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awake, awaken, wake, waken

These words often trip up writers and speakers. All four of them have similar meanings, though some have usages the others cannot perform. Let’s start with some with unique features.

Only wake can appear in expressions like waking and sleeping or every waking moment. Also, wake combines with up to form a complement verb. None of the others do. Thus:

He waked (or woke) up.

Some experts insist that waken acts only as a transitive verb (the sound of traffic wakened him) and that awaken acts only as an intransitive verb (she awakened with the first rooster crow). But many great writers have used waken intransitively (she wakened with the first rooster crow) and awaken transitively (the sound of traffic awakened her).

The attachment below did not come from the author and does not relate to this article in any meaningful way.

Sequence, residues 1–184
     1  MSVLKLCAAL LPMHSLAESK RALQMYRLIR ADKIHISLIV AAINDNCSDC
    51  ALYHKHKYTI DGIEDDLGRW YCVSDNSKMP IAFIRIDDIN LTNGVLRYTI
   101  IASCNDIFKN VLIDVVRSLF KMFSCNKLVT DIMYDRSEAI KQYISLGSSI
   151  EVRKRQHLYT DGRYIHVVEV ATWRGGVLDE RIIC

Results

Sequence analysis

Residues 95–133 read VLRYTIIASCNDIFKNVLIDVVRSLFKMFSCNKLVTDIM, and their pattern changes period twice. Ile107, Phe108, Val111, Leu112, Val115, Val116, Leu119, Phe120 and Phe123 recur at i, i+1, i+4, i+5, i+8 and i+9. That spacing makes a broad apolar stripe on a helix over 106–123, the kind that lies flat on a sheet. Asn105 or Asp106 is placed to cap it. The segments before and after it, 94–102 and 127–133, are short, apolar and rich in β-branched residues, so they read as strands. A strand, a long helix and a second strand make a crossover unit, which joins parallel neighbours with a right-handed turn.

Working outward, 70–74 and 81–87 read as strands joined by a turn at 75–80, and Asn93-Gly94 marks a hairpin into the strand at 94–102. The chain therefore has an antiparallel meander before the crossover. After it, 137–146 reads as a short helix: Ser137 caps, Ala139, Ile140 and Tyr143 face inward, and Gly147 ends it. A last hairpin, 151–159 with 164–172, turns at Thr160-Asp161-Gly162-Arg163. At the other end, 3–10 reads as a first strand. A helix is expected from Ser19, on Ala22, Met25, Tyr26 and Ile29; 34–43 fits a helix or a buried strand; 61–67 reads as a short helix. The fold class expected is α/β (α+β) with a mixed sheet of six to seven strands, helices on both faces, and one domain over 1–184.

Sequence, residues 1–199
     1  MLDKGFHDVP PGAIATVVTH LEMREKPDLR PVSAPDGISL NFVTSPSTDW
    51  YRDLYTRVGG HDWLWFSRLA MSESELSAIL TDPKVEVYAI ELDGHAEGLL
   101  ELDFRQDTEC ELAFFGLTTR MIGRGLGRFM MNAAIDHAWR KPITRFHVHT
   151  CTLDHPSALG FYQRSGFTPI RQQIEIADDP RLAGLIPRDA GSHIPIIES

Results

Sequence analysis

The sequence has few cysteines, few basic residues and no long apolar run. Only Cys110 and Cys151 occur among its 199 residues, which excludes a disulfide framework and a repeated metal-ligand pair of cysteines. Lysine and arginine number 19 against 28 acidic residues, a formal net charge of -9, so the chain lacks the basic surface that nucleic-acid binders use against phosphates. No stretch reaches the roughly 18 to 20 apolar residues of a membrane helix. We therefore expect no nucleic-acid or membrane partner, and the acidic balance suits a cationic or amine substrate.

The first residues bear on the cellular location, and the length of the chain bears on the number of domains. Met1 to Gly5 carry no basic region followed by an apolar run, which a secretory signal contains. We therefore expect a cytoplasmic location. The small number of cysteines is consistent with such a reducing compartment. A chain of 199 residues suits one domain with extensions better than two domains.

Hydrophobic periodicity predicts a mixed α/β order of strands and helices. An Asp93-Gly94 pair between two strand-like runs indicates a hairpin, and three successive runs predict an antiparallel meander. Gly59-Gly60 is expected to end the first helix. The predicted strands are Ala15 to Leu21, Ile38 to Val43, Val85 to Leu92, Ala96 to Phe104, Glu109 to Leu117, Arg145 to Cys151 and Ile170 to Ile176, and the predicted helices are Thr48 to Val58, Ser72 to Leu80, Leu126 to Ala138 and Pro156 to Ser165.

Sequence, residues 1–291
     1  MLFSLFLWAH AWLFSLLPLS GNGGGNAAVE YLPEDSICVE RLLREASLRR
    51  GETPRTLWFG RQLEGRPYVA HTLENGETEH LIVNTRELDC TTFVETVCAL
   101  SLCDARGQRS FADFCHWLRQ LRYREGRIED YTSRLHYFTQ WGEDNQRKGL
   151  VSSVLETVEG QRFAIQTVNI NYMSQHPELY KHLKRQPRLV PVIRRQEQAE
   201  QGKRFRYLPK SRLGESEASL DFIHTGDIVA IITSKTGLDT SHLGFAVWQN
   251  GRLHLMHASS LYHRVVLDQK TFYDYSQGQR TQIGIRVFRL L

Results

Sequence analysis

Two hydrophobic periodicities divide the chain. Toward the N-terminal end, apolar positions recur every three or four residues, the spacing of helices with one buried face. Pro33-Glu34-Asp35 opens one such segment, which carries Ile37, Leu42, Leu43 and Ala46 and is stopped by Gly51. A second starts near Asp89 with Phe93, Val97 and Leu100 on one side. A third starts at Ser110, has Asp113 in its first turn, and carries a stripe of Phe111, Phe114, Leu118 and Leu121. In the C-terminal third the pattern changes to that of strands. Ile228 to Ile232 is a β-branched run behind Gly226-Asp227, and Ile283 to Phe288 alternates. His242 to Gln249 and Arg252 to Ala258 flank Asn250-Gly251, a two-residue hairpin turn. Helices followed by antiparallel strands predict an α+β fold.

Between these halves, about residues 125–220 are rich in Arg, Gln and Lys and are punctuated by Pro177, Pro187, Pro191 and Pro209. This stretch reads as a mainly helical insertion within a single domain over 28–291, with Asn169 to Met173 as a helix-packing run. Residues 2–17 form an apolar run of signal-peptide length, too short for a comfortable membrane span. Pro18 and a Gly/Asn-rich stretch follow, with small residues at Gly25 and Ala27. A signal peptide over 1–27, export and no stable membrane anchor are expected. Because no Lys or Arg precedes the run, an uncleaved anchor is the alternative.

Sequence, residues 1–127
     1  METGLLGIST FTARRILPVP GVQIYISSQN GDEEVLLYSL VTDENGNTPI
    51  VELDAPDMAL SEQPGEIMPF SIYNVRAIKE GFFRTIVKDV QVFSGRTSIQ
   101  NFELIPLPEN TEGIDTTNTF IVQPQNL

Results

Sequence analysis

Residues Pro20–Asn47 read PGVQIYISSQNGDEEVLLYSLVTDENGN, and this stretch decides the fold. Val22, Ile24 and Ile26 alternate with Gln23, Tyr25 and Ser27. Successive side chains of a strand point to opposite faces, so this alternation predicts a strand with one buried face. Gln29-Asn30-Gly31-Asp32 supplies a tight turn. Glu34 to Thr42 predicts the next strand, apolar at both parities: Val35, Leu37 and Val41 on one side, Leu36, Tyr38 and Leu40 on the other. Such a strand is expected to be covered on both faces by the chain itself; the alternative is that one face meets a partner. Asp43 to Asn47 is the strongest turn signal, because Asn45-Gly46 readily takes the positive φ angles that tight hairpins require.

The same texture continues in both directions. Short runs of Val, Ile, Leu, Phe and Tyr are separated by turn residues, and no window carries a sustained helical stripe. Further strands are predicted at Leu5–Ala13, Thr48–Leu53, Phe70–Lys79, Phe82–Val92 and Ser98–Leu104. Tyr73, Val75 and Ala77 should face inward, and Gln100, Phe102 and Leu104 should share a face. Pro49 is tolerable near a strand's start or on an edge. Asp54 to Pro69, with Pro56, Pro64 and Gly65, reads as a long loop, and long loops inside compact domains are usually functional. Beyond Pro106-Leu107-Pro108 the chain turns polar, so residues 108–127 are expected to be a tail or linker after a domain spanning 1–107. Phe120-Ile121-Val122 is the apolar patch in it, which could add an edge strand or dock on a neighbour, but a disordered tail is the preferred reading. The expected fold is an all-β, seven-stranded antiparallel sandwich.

Most savvy writers turn to awake and awaken in figures of speech:

When Fred lost the election, the party leaders awoke to his weakness as a candidate.
The smell of coffee awakened my memories of Sunday mornings at home.

Principal Parts of awake, awaken, wake, waken

Verb Past Tense Past Participle
wake waked
He waked up.
waked (Southern dialect)
He has waked up.
wake woke
He woke up.
woken (Northern dialect)
He has woken up.
waken
intransitive
transitive
wakened
He wakened at dawn.
The noise wakened him.
wakened
He has wakened during the night.
He was wakened by the noise.
awake
intransitive
transitive
awakened
He awakened to reality.
The aroma awakened his memory.
awakened (Southern dialect)
He has awakened to reality.
The aroma has awakened his memory.
awake
intransitive
transitive
awoke
He awoke to reality.
The aroma awoke his memory.
awoken (Northern dialect)
He has awoken to reality.
The aroma has awoken his memory.
awaken
intransitive
transitive
awakened
He awakened to realty.
The aroma awakened his memory.
awakened
He has awakened to reality.
The aroma has awakened his memory.

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